ARTS & CULTURE | Finding Inspiration

Have you noticed the art of photography has now been been regulated to the status of the enthusiast. Everybody makes pictures, But because its easy doesn’t mean its less difficult. Over the last couple of decades there has been an explosion in the photographic world, it’s cool to take photographs, anybody can copy trends or styles. But only a vision-that is what one must have.

Although Im a photographer I don’t look to other photographers for inspiration, unless it’s the greats like Walker Evans, Bill Brandt and Ernst Haas, then you cannot help but be inspired. But it’s painter’s that teach me more about light than any other creative. I mean take a close look at J. M. W. Turners work, now that man knew how to convey a feeling by just placing pigment on a canvas. But I’m a photographer and the only means I have to express whats in my head is to use a camera to record light. So its light I look to first, then when I feel I have that worked out I can make pictures.

This series of portraits of a talented artist friend of mine, Paul Macklin I approached with Rembrandt in my thinking. I love the way Rembrandt lights portraits, rich and full of depth. these where shot under Paul’s awning with one light fired through a honey comb grid and another fired back out of shot but angled just enough to catch the right amount of light fall off I needed under Paul’s right eye and cheek bone. I wanted richness and depth to this series and it appears I caught it.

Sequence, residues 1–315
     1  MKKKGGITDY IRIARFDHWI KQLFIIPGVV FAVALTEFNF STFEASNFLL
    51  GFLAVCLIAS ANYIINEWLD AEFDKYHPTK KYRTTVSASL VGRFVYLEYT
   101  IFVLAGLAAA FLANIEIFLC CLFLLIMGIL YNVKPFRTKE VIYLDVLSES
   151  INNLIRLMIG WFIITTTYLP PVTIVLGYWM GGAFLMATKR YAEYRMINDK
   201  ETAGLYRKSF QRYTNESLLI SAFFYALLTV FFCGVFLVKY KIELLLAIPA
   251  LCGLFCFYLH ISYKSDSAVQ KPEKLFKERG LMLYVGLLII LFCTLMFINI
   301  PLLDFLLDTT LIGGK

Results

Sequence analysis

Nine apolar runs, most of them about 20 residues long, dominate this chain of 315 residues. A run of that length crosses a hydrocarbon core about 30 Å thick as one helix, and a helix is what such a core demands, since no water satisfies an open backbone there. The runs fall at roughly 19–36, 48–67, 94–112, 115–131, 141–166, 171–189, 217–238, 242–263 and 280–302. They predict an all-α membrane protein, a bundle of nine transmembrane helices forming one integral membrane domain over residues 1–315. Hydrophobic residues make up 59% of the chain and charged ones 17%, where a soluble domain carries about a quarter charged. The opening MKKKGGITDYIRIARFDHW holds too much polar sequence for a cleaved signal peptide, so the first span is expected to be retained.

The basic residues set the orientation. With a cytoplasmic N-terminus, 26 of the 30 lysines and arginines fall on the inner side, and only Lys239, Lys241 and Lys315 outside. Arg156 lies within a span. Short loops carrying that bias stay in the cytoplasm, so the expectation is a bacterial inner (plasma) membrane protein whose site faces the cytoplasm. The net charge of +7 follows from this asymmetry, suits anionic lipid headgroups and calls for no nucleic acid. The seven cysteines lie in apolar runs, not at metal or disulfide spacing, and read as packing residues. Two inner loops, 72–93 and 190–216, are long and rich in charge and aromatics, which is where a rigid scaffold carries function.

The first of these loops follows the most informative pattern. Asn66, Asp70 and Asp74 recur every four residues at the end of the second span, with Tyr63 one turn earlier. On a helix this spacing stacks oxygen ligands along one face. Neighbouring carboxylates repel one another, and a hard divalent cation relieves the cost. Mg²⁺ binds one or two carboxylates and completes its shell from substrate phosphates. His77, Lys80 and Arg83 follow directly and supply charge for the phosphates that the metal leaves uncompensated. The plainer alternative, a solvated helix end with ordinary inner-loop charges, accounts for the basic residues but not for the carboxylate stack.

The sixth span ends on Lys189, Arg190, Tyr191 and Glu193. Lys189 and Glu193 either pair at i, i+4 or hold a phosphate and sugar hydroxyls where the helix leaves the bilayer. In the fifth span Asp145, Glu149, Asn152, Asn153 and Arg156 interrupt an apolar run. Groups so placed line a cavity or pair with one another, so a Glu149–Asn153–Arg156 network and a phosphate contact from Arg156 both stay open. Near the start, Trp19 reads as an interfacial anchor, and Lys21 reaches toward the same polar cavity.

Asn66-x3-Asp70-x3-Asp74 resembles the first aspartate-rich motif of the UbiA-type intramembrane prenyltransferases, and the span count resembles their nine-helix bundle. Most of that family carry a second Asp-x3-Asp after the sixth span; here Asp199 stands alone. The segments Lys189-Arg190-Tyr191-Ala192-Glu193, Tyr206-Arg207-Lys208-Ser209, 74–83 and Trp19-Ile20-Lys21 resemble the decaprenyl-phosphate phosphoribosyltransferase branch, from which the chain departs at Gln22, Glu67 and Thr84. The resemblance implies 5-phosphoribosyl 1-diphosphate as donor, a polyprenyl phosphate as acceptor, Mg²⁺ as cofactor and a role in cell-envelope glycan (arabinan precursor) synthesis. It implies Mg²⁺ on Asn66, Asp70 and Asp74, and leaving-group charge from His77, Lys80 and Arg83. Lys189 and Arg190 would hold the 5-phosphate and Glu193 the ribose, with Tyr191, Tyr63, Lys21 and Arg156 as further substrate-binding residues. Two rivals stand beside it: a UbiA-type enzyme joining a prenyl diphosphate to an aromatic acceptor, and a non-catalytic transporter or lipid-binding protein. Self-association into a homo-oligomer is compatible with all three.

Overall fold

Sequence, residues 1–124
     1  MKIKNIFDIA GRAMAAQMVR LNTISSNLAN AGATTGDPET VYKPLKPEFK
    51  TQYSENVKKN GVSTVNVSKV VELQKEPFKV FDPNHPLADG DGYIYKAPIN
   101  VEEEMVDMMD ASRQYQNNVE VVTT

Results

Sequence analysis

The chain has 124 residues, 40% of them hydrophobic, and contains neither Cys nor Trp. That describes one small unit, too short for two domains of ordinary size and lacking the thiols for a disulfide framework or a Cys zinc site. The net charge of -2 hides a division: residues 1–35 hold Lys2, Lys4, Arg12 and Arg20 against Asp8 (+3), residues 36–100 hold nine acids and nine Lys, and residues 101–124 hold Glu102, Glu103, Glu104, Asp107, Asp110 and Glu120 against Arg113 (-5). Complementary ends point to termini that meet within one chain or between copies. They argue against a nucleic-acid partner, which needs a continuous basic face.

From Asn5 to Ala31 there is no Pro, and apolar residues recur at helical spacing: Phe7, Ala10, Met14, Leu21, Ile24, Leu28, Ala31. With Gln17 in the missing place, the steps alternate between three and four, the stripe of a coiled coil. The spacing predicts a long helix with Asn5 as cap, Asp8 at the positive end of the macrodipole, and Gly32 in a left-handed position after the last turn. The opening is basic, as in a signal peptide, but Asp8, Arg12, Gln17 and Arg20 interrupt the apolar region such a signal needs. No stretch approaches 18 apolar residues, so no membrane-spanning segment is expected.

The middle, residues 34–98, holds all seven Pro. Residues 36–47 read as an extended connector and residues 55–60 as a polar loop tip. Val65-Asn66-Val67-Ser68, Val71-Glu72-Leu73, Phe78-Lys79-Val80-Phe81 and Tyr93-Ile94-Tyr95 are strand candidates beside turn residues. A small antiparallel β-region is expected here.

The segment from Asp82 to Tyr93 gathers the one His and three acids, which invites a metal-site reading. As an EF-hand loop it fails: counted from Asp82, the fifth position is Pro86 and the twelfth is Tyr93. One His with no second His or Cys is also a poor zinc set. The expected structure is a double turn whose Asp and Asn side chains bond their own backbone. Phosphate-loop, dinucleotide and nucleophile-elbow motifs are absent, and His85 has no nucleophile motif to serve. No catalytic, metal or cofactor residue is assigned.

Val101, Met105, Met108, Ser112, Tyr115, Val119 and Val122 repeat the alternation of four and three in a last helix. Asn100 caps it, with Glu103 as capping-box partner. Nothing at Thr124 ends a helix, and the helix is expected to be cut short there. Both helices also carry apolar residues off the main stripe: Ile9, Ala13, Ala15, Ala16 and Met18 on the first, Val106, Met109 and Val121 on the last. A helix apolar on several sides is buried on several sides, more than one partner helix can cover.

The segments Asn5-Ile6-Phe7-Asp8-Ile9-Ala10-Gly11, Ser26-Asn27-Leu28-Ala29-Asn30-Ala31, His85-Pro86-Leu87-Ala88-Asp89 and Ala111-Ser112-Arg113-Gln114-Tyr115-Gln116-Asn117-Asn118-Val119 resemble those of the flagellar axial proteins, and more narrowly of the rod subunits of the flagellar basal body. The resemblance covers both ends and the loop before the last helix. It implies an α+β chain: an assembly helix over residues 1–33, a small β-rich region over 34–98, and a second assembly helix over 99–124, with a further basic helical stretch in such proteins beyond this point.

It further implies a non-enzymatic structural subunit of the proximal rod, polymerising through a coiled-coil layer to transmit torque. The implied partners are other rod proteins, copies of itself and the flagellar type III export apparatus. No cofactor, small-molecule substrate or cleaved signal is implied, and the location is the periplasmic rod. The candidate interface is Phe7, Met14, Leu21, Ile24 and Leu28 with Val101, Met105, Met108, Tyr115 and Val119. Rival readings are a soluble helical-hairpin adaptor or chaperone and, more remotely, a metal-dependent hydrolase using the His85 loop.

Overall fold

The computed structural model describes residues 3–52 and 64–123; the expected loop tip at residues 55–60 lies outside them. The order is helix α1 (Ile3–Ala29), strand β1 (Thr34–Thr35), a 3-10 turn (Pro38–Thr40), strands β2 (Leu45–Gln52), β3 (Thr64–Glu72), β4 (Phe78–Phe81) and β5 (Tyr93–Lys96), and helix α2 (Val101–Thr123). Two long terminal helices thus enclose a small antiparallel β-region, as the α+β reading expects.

An artist makes his art through his head, heart and his hands. This is the idea behind my new set of pictures of Christopher Dewar.
My inspiration for the grid shots came from Bernd and Hilla Becher, a husband and wife photography team who taught photography in Germany. What the Bechers sought from their subjects was a way in which a single type of structure (watertower, blast furnace, etc.) varied wildly in its external appearance due to its specific historical, geographical context. So I looked at this grid system to explore the way we look at a person, by photographing Chris with the same light, same angle, it’s then you can start to explore with your eye and start to see the differences between each image. Forget about getting the soul of a person in a photograph, that’s just a load of old bull, when we make a picture of person we bring our own baggage with us and what we want to happen, so there is very little chance your going to see who they really are.

The idea behind the floating image is that sometimes we dream our art, we, the artist, can see the beauty in what we create, why can’t others. So in a dream state we float, hands out as though. Look! look what I have created for you. Cant you see?


The hands. This is what we use to create, communicate our creativeness to you. So we now ┬áhave the whole story of an artist. As told by another artist, art is again created and another story is told. But who’s, mine or Chris’s?